The return of vintage jewellery

The return of vintage jewellery

Cast your mind back to 2009. Florence and the Machine released their debut album, and suddenly names like Florence, Verity, and Ada were cool once more. This is where it all began. The rebirth of all things vintage. Brands like Cath Kidston capitalised on the new market for florals and tea dresses and the rest is history.

Today, however, we’re going to be talking about vintage jewellery. And not just the 1940s and 1950s classics like pearl earrings; the return of vintage jewellery has meant that everything from the ‘60s, ‘70s, ‘80s, and even ‘90s is now peak vintage style.

And what’s great about buying vintage jewellery?  Well, it’s pre-loved of course and much better for the environment.  Choosing to buy vintage jewellery instead of brand new jewellery will mean less pollution caused by production and transport of new items, as well as less clothing and jewellery going to landfill.

You can find vintage jewellery in dedicated vintage clothing stores, antique shops, charity shops and online marketplaces and e-stores that sell vintage goods.

1960s vintage jewellery

The vintage styles that are cropping up all over from the swinging sixties are all about being ‘groovy’. Oversized gemstones and lots of yellow gold feature prominently. The decade represented an explosion of colour in many aspects, and jewellery was no different. Use of gemstones like citrine, tourmaline, and garnet were utilised to create lots of richly-saturated oranges, purples, and browns of a range of shades.

Today, popular ‘60s jewellery that’s on the rise is oversized bangles, usually made from a plastic or gold, made with bright pops of colour. Graphic designs using bold colour blocking and (sometimes) clashing colours work together to make something almost ironic in its ugly-beauty that is undeniably gorgeous.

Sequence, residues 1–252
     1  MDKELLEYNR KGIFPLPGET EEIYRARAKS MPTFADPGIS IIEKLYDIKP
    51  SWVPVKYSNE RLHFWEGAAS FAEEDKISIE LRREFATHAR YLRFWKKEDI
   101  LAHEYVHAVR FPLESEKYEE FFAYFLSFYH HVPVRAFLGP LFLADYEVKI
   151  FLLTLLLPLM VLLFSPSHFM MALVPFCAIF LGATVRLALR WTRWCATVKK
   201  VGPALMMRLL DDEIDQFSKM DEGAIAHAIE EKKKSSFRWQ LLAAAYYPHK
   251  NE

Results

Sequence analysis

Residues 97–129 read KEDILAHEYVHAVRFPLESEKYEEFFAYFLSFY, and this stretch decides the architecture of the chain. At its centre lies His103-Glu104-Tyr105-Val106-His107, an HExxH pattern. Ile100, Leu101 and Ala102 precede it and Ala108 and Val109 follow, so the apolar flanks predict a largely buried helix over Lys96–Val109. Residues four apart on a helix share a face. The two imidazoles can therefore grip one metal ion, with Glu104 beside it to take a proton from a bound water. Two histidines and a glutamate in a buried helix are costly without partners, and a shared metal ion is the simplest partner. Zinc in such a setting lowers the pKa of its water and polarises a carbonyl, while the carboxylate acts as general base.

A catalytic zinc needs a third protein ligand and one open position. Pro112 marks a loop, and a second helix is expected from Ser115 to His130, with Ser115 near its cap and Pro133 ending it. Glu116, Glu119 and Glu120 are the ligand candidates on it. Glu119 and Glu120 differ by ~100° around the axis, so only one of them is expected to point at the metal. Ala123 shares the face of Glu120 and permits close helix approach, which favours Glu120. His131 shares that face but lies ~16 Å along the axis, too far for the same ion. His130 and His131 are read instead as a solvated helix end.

Read how wearing jewellery can boost your confidence.

1970s vintage jewellery

What distinguishes the jewellery of the 1970s from that of the 1960s is largely colour and shape. The ‘70s saw a time when there was a definite departure away from the swirling rounds of the 1960s, and more structured designs were favoured. Colours were still bright and largely earth-toned, but the inclusion of cooler colours like blues and greens was beginning to occur.

The most popular pieces of ‘70s jewellery on the high-street today include: gold chains, hoop earrings, and all things oversized. Yes, big was still definitely best in the 1970s. Clusters are especially popular from this era. A focal gemstone like emeralds or sapphires is surrounded by diamonds either on a ring setting or around the circumference of a bracelet to stunning effect.

1980s vintage jewellery

It would be a mistake to talk about the 1980s, its fashion, and its jewellery without talking about Princess Diana. Iconic throughout the ‘80s and beyond, Diana’s influence on contemporary style as well as modern style cannot be understated. Her popularity was aided by her unique style and accessory choices. No piece was more iconic than her engagement ring, however, which inspired a trend in the 1980s that was reignited in the 2010s when Prince William used her ring to propose to Kate Middleton.

The ring in question, a sapphire and diamond cluster ring, sparked a huge revival of vintage sapphire rings as engagement rings, and the trend is still going strong today. Beyond this, the ‘80s saw some real fun being pumped into jewellery. Bright, neon colours, acrylic, and geometric shapes dominated the decade, and are popular with those today who want to channel their inner Madonna or Cyndi Lauper.

1990s vintage jewellery

For most people today, enjoying culture classics from the 1990s is a combination of nostalgia and irony, coming together to commemorate various stages of their youth. While the punk scene was on the rise and skater culture reigned supreme, jewellery was split in two directions. One side saw chokers and butterfly hair clips and yin yang symbols, and the other side was more ‘futuristic’, for the ‘90s anyway.

A lot of luxury jeweller especially was focused on being more minimalistic than the previous decades. Jewellery was more appropriately sized, often with smaller designs being preferable over the oversized looks of the past. Today, both sides of this spectrum are adored by popular culture. There isn’t a teenager out there at the minute who hasn’t at some point sported a ‘90s style choker, and minimalism is the new normal when it comes to all things jewellery, fashion, and design.

Final thoughts

While the only constant is change, it’s certainly clear to see how each decade influences the ones that come after it. Every now and then, there are real change-makers who stir up the pot, like Florence Welch, and have us reaching to the past for inspiration for the future.

The return of vintage jewellery is great news for the planet.  Choosing to buy true vintage items means clothing gets a second chance (and even third and fourth) meaning less damage is done to the environment and making buying jewellery a more sustainable choice.

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The return of vintage jewellery